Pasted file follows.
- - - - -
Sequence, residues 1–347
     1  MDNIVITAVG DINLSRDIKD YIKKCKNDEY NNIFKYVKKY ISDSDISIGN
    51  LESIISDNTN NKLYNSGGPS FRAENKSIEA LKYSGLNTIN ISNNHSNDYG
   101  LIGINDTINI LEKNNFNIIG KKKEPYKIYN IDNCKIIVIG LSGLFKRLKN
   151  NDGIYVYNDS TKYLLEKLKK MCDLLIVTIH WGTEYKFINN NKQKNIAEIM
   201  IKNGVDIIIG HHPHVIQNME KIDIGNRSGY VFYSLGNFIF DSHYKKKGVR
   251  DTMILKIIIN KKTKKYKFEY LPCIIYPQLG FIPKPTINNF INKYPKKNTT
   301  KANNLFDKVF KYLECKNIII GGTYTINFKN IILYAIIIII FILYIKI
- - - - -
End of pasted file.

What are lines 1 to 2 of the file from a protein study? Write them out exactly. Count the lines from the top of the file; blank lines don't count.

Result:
Sequence, residues 1–347
     1  MDNIVITAVG DINLSRDIKD YIKKCKNDEY NNIFKYVKKY ISDSDISIGN